2. Elissa, you were wonderful. I know it is alot of work to do something like this and all of your hard work is so appreciated. Get some rest,brush off the grumblies, and begin again. All of your work equals EXPOSURE and in the fashion world that is everything. It will pay off. I will email you a couple of photos that I have! You were awesome!

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  3. Aww Elissa, I know you were frazzled my dear, but you did a great job!! I can only imagine how much pressure you were under, and as an attendee, I had a great time, in spite of any things that could be improved. I loved meeting you and am glad that I attended!

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    1. This is pretty much exactly what I was about to type. You are a joy to be around, E, and I can't wait for our next Dallas meetup when you will sign a book for me.

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  4. If it is any consolation, I had no idea that you were feeling "frazzled, overwhelmed, and awkward." What I saw was a confident, cheerful woman who offered invaluable insight and a wonderful, warm smile to everyone in attendance.

    Also, your Creative Consumerism panel really did blow me away (as did the rest of the weekend). I can't wait to order your book and visit Saver's and other thrift stores again after reading it.

    <3,
    Diana

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  5. You were great, and think about how many women you helped have an enjoyable time by all the hard work you put in. I've been in the same situation where I want to be a part of the event, but also behind the scenes planning and helping. Sadly, one must decide which to do. Work hard and stay behind the scenes, or not get super involved and enjoy the event without worry or stress. It was great meeting you, and maybe next year you can hire an intern : )

    - Jesse

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  6. "Stay with the people who make you happy and bring out the best version of you. Smile more. Understand that you won't connect with everyone, and that's okay." - I couldn't agree more! I hope you were able to find those people. And I promise, you did not come off as the frazzled version of yourself that you were feeling. All that acting training paying off maybe? hehe And I can't believe you lost your iPhone?! Oh, no!!!

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  7. There's a great photo of you at Pam's blog today...that captures the feeling you are describing here. I know from the photos I've seen of all the attendees in the audience that this event has seriously GROWN from what it was. Remember to give yourself some attagirls.

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  8. If you were feeling overwhelmed and/or at all frazzled when we met, I didn't notice it at all! I can't say it enough: you guys did such an incredible job, and I think the conference was a huge success. I was absolutely delighted to finally meet you, and you were nothing but friendly, gracious, and a wonderful host. So sorry about your phone--these things are always such an adventure!

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  9. I'm so glad to have met you. When I talked to you, you did seem busy on the brain but you honestly looked wonderfully well kept, if that accounts for anything :)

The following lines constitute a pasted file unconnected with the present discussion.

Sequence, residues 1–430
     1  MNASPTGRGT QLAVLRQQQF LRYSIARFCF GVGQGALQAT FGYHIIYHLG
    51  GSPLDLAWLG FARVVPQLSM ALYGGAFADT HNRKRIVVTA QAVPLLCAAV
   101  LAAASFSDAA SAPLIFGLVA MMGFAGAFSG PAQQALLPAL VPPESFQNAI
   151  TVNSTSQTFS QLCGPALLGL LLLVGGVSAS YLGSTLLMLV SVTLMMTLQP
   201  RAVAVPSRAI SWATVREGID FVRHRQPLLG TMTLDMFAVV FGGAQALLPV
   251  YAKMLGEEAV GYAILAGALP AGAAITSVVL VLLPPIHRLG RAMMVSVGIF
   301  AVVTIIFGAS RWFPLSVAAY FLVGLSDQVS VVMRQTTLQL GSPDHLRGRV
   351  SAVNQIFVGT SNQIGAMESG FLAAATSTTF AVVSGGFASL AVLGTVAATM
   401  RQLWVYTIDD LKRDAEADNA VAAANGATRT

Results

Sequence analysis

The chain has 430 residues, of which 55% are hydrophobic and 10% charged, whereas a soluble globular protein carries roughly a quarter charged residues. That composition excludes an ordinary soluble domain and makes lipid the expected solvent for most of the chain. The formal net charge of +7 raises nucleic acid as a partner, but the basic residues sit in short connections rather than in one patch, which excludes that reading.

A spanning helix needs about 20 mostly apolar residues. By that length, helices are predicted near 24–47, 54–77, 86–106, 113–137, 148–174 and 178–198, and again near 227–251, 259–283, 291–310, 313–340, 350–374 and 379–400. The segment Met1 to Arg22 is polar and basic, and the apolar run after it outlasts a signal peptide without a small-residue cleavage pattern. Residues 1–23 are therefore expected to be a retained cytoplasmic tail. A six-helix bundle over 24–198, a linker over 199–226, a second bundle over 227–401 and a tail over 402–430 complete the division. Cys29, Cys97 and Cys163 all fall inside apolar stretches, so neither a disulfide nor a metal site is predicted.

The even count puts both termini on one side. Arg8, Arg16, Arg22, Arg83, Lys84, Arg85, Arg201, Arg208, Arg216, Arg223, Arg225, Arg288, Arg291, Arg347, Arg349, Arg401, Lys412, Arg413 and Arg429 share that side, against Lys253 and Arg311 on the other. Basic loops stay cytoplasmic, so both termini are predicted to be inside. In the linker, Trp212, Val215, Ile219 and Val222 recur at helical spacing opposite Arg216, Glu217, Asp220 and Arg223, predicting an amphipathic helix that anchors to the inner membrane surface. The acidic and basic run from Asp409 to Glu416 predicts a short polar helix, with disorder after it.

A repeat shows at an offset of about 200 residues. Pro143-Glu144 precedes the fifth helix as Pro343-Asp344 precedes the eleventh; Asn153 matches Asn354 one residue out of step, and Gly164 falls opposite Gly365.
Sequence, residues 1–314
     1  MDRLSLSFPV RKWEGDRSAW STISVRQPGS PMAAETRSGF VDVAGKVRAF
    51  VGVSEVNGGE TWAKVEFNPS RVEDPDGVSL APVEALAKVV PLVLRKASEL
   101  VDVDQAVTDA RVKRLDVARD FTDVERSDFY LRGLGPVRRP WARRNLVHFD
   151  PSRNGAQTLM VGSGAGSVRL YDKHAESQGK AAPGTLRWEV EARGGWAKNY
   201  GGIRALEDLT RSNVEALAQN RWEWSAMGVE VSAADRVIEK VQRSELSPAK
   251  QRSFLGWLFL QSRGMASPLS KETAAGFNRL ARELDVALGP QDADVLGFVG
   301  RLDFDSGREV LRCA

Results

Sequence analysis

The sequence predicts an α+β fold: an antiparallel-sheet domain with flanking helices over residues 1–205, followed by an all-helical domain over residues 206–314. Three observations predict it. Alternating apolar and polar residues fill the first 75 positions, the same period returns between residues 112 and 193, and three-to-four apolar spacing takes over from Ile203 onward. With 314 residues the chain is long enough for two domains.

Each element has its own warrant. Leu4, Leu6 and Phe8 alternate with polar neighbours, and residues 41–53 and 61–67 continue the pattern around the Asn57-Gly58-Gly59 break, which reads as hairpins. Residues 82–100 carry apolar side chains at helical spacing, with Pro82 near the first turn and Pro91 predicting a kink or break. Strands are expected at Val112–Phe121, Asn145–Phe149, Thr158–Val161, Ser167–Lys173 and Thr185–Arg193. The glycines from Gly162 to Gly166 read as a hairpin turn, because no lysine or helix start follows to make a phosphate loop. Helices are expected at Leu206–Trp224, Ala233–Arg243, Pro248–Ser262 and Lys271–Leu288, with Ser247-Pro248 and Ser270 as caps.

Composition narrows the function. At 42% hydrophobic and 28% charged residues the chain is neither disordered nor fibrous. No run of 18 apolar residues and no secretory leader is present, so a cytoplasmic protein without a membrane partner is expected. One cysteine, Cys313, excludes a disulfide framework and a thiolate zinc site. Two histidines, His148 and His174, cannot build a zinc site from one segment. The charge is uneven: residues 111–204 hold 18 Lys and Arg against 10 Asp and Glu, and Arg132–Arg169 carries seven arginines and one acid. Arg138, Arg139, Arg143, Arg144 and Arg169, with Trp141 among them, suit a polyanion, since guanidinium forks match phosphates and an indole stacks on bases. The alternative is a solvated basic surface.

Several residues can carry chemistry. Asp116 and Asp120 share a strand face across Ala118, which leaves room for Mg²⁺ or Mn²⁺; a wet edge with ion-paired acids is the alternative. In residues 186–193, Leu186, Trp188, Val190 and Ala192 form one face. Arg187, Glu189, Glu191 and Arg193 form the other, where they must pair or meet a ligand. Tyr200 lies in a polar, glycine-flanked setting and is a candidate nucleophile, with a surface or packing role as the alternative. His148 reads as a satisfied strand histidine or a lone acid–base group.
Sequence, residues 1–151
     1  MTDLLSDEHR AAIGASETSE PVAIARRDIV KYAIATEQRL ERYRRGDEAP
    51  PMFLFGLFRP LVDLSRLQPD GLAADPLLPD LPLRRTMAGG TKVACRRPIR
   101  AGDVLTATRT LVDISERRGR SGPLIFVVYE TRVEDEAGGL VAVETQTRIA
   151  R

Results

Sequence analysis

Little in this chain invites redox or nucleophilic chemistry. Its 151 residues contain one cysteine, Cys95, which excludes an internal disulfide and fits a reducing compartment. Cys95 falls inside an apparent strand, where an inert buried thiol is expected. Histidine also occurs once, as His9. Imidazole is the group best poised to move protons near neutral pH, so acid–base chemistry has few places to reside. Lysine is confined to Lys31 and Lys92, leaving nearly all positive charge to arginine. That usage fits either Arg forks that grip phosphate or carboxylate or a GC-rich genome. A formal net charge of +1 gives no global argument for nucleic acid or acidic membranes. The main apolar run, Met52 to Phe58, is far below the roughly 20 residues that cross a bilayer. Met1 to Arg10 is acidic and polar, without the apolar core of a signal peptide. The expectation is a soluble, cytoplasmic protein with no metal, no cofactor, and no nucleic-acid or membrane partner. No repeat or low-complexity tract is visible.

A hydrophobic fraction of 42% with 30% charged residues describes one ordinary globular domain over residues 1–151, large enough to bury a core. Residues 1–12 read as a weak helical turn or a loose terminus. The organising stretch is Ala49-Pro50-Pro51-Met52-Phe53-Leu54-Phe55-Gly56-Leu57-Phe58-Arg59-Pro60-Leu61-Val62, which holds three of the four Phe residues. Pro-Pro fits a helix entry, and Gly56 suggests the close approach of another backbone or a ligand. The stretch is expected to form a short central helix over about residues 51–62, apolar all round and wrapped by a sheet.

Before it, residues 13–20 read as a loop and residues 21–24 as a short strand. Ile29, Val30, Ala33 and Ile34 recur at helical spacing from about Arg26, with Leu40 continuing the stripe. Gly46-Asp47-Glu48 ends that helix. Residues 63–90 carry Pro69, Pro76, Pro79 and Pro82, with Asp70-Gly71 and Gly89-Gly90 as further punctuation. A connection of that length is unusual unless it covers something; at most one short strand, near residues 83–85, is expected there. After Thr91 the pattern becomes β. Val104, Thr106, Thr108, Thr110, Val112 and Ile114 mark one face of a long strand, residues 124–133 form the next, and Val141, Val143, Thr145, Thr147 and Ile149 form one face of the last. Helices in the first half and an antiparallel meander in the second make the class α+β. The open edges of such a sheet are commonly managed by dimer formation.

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  10. Did you know that you can turn your iPhone off so that whoever found it can't access your data? Call the Apple store (or look online) and you can find out how to do so.
    Jaymalea

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  11. A nice smile actually masks all kinds of anxiety. I think you were pulling it off!

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  12. I work for a 2500 person conference and you are correct - it is a LOT of working. Planning and running a conference is a huge commitment and is all about details, organization and crisis management. I was not at the conference this year, but I was there last year and I know there was a lot of planning issues then as well. So don't feel bad!! I saw a lot of updates and chatter so as the community manager, I think you did a great job keeping the conversation going online.

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  13. Lady, I am sure you did an amazing job. We tend to be harder on ourselves than necessary, especially in areas we know we excel at. From what I saw and read from the conference you did an amazing job and I'd love to be counted among the attendees next year. It is amazing though how much more work these events take than you think they will. - Katy

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  14. Elissa, if that was you at your worst, I would LOVE to meet you at your best ... because your worst was pretty darn amazing. Thanks for all you did to make the weekend a success!!!

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  15. I agree that you made a wonderful impression and did an outstanding job!!! I enjoyed meeting you and I learned so much about thrifting from you that I have actually gone to 4 thrift shops since I have been home (and then on another trip). I had to go on a business trip to McAllen (on the Mexican border) and I found a 70's shirt from Sears that is right off the Brady Bunch! They also had a ton of sequins and I thought of you! I hope you are feeling better!!!
    Betsy
    cuteandcomfy.wordpress.com

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  16. I agree that you made a wonderful impression and did an outstanding job!!! I enjoyed meeting you and I learned so much about thrifting from you that I have actually gone to 4 thrift shops since I have been home (and then on another trip). I had to go on a business trip to McAllen (on the Mexican border) and I found a 70's shirt from Sears that is right off the Brady Bunch! They also had a ton of sequins and I thought of you! I hope you are feeling better!!!
    Betsy
    cuteandcomfy.wordpress.com

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  17. I agree with Genny - if those couple times we spoke was you at your WORST, wow....can we be besties?? I thought you were awesome! The conference was a huge success, and I know you were looking at it from an insider/planner perspective, but honestly - it was one of the most fab blogging experiences I have had. Thank you for all your time and hard work!!!